FOR ITS 23rd year, the French Film Festival is serving 21 films with the aim to “embody the richness and depth of French society through the creativity of French filmmakers.” Among the critically acclaimed films to be shown are Olivier Assayas’ Personal Shopper (2016), which competed in the official competition of the Cannes Film Festival that same year; Cedric Kahn’s Le Priere (2018), which won Anthony Bajon the Silver Bear for Best Actor in the 2018 Berlin International Film Festival; and the jazz biopic Django (2016) by Etienne Comar, which served as the opening film of the 2017 Berlin International Film Festival.
“Among the aims of French cultural diplomacy is to promote cultural diversity through cinema. In the Philippines, the French Film Festival has been giving the Filipino public a glimpse of French culture and society for 23 years. It provides an alternative to the commercial programming of movie theaters, thereby promoting this diversity to the local audience,” said French Ambassador Nicolas Galey in a press release.
The film festival will run from June 6 to 12 in the Greenbelt 3 cinemas in Makati City, the Bonifacio High Street Cinemas in Taguig City, and in UP Town Center Cinemas in Quezon City. Tickets are priced at P150.
Mr. Galey added that this is the first time the festival will be brought to Visayas and Mindanao — Cebu and Davao, particularly — though no official screening schedules have been announced.
The lineup also include films where art serves as the backdrop in telling tales of passion and relationships as in Cezanne et moi (2016) by Daniele Thompson which chronicles the love between French artist Paul Cezanne and Emile Zola, while Polina, danser sa vie (2016) by Angelin Preljocaj and Valérie Müller-Preljocaj tells of the romance between a Russian ballerina and a French dancer, and Yves Saint Laurent (2014) by Jalil Lespert, which is about the relationship between the eponymous fashion icon and his business partner and lover, Pierre Bergé.
Also in the lineup are dramas such as Orpheline (2016) by Arnaud des Pallières which tells of the stories of four women — a country girl, a teenage runaway, a young woman who moved to Paris, and an adult woman who thought she was safe from her past; and Une Vie (2015) by Stéphane Brizé, a story adapted from Guy de Maupassant’s classic work of the same name.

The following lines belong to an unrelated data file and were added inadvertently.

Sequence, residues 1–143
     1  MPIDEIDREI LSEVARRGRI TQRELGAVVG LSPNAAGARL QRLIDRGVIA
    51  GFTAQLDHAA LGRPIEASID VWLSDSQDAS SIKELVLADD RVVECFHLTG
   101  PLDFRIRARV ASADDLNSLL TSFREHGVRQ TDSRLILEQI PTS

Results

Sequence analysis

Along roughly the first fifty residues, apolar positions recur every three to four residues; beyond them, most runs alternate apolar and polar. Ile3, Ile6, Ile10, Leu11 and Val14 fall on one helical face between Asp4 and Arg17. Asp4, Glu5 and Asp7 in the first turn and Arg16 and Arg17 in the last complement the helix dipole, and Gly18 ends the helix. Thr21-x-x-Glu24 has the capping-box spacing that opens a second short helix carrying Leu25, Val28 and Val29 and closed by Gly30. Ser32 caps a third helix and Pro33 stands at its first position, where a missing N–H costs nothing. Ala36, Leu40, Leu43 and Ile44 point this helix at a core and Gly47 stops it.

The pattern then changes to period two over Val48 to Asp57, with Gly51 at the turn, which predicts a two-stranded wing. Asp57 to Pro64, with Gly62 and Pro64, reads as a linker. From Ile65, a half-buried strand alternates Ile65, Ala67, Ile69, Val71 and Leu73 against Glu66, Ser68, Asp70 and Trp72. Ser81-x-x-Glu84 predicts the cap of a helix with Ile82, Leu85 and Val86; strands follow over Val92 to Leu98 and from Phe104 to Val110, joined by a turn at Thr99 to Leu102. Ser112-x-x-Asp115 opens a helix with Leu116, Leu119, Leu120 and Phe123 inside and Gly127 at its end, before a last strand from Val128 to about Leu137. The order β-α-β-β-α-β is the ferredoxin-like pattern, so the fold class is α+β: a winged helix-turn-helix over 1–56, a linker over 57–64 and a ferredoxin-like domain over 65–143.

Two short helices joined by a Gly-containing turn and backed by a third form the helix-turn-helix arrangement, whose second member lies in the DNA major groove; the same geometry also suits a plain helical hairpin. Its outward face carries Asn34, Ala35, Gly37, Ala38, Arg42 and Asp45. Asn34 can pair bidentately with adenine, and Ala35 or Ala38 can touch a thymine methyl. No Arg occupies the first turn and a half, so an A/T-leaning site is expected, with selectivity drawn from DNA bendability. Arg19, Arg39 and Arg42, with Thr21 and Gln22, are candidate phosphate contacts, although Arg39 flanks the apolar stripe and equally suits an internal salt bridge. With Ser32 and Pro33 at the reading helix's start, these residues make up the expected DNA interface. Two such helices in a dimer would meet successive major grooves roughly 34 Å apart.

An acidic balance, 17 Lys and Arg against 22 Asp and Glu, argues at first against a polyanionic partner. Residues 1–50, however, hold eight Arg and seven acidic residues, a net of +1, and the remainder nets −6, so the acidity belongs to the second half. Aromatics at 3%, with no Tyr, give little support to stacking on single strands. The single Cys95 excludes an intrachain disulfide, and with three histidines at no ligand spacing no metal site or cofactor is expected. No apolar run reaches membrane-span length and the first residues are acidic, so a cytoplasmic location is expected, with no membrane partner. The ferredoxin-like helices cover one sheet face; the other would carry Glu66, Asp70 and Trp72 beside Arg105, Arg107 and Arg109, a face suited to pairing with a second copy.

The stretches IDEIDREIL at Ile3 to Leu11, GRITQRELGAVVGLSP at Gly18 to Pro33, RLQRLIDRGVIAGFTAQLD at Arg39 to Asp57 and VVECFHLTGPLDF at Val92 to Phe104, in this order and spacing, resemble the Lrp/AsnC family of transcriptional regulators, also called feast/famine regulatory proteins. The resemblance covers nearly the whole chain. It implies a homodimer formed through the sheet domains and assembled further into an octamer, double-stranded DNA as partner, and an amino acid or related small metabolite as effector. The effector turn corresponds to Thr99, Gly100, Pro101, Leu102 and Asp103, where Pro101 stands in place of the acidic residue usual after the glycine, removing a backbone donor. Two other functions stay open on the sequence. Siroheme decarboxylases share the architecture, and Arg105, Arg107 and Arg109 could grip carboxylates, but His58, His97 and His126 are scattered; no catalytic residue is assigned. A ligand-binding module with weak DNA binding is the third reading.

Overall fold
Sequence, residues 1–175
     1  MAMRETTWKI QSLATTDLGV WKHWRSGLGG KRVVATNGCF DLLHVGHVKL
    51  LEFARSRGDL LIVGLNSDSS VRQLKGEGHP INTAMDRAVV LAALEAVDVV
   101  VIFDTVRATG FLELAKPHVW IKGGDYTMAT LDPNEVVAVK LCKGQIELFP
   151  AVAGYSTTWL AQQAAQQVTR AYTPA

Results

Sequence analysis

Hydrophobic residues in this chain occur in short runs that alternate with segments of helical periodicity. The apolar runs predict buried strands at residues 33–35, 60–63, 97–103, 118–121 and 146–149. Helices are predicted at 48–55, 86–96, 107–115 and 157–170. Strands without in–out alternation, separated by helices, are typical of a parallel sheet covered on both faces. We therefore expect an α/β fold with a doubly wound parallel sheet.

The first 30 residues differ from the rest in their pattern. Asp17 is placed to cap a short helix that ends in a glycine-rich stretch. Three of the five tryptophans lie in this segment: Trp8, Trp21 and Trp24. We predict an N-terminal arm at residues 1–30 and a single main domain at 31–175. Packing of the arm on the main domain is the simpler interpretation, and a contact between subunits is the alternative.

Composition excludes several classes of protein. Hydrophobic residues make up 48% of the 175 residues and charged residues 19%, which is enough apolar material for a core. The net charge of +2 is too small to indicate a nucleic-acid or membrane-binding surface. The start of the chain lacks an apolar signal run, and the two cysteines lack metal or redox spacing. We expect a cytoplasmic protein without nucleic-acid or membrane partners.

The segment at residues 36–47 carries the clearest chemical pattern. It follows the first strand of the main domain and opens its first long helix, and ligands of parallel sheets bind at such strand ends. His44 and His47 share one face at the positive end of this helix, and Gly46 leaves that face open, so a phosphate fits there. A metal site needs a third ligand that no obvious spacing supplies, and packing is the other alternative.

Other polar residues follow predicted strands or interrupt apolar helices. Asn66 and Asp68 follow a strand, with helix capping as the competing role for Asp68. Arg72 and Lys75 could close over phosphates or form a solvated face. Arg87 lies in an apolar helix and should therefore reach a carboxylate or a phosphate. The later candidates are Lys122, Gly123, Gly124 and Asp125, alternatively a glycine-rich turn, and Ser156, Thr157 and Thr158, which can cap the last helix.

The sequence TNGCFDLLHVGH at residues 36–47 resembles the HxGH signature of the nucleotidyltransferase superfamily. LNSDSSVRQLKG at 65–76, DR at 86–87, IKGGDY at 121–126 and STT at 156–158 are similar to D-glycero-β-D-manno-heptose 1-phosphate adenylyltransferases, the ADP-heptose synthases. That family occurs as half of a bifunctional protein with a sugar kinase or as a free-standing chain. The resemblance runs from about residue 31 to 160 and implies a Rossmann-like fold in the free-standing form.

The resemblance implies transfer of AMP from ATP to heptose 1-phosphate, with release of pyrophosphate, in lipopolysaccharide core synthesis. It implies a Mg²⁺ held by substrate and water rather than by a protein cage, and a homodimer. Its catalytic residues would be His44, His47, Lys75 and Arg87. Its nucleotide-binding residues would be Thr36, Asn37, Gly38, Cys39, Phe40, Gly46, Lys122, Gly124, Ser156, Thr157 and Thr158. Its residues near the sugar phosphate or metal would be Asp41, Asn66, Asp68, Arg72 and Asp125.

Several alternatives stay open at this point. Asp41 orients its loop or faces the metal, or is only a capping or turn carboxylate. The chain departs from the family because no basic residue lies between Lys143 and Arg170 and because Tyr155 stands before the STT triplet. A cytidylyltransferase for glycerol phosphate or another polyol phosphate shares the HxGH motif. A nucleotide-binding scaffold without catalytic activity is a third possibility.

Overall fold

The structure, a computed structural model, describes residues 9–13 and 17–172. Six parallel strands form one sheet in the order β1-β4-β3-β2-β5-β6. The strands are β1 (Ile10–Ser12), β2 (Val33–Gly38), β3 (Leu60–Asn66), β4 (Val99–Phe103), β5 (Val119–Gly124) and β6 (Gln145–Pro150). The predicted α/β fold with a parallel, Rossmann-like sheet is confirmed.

For those who want more lighthearted fare, the festival is serving up comedies such as Epouse-moi mon pote (2017) by Tarek Boudali, about a Moroccan man who suddenly finds himself become an illegal immigrant in France and decides to marry his best friend so he can stay in the country; Rock ‘n Roll (2017) by Guillaume Canet, about a middle-aged man who tries to keep his life and love fresh by changing absolutely everything; and Seuls (2014) by David Moreau, about a couple of teenagers grappling with the fact that their city suddenly becomes deserted.
Also in the lineup are Louise en hiver (2016) by Jean-François Laguionie, an animated film about an old lady trying to survive the oncoming winter in a deserted seaside town; and Voyage à travers le cinémafrançais (2017) by Bertrand Tavernier, a documentary and “an act of gratitude to all the filmmakers, scriptwriters, actors, and musicians who suddenly appeared in my life,” said the director in the film’s synopsis.
The film festival’s premiere night will see the screening of the fifth installment of Franck Gastambide’s Taxi (2018), which follows the series lead character, a Parisian cop (and all-around great driver) Sylvain Marot, as he works with probably one of the worst drivers in Marseille on a mission to stop Italian jewelry thieves in a Ferrari.
The festival also pays tribute to the works of French filmmaker Jean-Pierre Melville, considered as the Father of French New Wave and film noir, who inspired a new generation of filmmakers including Quentin Tarantino and William Friedkin.
The Melville Centennial Retrospective will include a number of his works: 24 heures dans la vie d’un clown (1947), an 18-minute comedy; Le Silence de la mer (1948), about German-occupied France and an idealistic German officer assigned to a small town in France; Léon Morin Prêtre (1961), about a sexually frustrated communist widow who meets a young priest who tries steering her onto the right path; and Le Cercle rouge (1970), about an aristocratic thief, who, upon being released from prison, decides to steal from his mob boss and initiate a jewel heist.
And in homage to Philippine cinema, the festival will be screening three Filipino films: Anino (2000) by Raymond Red, which tells of a hungry and penniless church photographer and the people he meets in the shadows of the city; Himpapawid (2009), also by Raymond Red, which tells of a desperate, simple man from the countryside trying to survive in Manila; and Bagahe (2017) by Zig Dulay, about an OFW who is suspected to have thrown a newborn child into an airport toilet trash bin. The last film won the top prize at the Vesoul International Film Festival of Asian Cinema held in February.
The 23rd French Film Festival runs from June 6-12 at selected cinemas in the metro. For the complete screening schedule, visit www.ph.ambafrance.org or the Facebook page of the French Embassy (FrenchEmbassyManila). Tickets are priced at P150 and can be bought online via sureseats.com.
For inquiries, contact the Embassy of France to the Philippines at firstname.lastname@example.org or call 0966-389-9119. — ZBC